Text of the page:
Though often left out of the conversational rift between millennials and Boomers, Generation X’s consolation prize is that, for the past 10 years, it’s had almost full control over the wide-reaching, capital-C comedy landscape. Mr. Show writers, UCB founders, Channel 101 weirdos, and all other stripes of alt-comedy mainstays are ending the decade as moguls, having built platform-transcending empires by embracing both new and old forms of content production and distribution, as well as a “never stop hustling” ethos.
With so many of the last decade’s success stories having percolated within it, this generational vice grip has also wrapped firmly around L.A.’s live theater comedy scene. But as the labor and sexual politics fomented by the Trump and #MeToo eras brought scrutiny to certain comics, shows and venues, many a once-sacred cow fell out of vogue. Change has always been the industry’s only constant, and as we enter a new decade — anyone on TikTok already knows this — the funny of the 2020s will be dictated by younger Millennials and Gen Z.
Seven sold-out shows in, Everything’s Great, provides a window into the intrinsically diverse, equity-minded, and free-form nature of L.A.’s “cool kids” comedy future, if not the larger ecosystem. Hosted by Nick Kocher, Demi Adejuyigbe and Addie Weyrich, Everything’s Great! is a monthly showcase of genre-defying humor that has quickly become a must-stop for the industry’s rising stars. Fittingly, its home is in one of the city’s hippest venues, Macarthur Park’s Dynasty Typewriter theater.
The inception for the show came from former SNL writer Kocher’s desire for “a means of getting [to do stand]up regularly,” he says. Hoping to push his own boundaries by including comic friends who ran in different circles, Kocher reached out to Adejuyigbe after learning the living viral-video fave was doing more offline comedy. The two knew they wanted an energetic female third to round out their reserved, male-but-not-masculine energy, so they brought on comedian and writer Weyrich, who Kocher describes as “Surge cola manifested as a person.”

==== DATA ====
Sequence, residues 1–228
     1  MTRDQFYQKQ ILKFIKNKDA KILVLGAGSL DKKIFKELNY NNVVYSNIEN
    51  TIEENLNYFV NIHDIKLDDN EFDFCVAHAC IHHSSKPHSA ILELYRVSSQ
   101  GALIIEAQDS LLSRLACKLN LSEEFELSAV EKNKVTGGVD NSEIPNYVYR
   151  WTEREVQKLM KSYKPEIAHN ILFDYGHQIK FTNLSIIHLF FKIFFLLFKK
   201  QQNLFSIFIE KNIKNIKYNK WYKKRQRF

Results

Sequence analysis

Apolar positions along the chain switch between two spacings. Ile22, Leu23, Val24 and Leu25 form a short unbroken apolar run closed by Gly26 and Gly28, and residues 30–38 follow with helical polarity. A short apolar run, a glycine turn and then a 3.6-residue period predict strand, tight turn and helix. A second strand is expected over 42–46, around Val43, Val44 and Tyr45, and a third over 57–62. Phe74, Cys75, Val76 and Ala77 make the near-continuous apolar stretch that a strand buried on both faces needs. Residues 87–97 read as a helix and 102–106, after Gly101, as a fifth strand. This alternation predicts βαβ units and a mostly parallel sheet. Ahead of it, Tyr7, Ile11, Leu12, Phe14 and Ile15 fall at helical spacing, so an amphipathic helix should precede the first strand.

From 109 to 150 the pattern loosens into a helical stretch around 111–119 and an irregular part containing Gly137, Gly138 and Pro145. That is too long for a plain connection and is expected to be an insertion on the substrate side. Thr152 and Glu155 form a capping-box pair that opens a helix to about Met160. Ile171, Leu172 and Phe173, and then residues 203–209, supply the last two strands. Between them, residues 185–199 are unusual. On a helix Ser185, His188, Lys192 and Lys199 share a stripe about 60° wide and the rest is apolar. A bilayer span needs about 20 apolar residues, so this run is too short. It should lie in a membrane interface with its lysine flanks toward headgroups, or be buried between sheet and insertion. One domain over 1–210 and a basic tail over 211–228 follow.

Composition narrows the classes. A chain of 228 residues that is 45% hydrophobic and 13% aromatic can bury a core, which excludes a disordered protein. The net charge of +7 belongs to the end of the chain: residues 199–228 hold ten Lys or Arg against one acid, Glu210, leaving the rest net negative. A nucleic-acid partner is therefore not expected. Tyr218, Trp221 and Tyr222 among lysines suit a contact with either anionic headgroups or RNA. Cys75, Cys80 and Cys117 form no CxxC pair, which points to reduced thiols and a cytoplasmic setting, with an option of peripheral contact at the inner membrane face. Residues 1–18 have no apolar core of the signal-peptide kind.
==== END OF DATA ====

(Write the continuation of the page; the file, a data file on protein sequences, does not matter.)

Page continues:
As the hosts planned and began producing shows, gradually incorporating more sketch, multimedia and audience participation into their performances between guest comic sets, the show veered away from Kocher’s original vision and took on a life of its own.
“I figured it would get me 10 minutes of time a month to experiment with stuff in a tiny place,” says Kocher. “But once we got this great venue and started getting big guests and huge crowds, it quickly became something where I didn’t want I try out stuff, per se. I really want to do well at my show.”
Everything’s Great! shows typically begin with the trio together for a skit and each host is later given a few minutes of solo play between guest performances. One show kicked off with the hosts riding (and subsequently ditching) three Bird scooters in the middle of the small stage. The main event of November’s was a $200 cash prize contest to find the non-male, non-white audience member who looked most like Kocher, a white male. This sort of casual, conversational relationship with the crowd is baked into most of the content. Kocher and Weyrich occasionally do more narrative-driven stand-up for their spots, but the vast majority have skewed experimental. As with his digital output, Adejuyigbe’s live segments are more multimedia-heavy, often involving PowerPoint, music, or both, like when he belted an ode to the macaque who went viral in 2012 for walking into an Ikea in a shearling coat.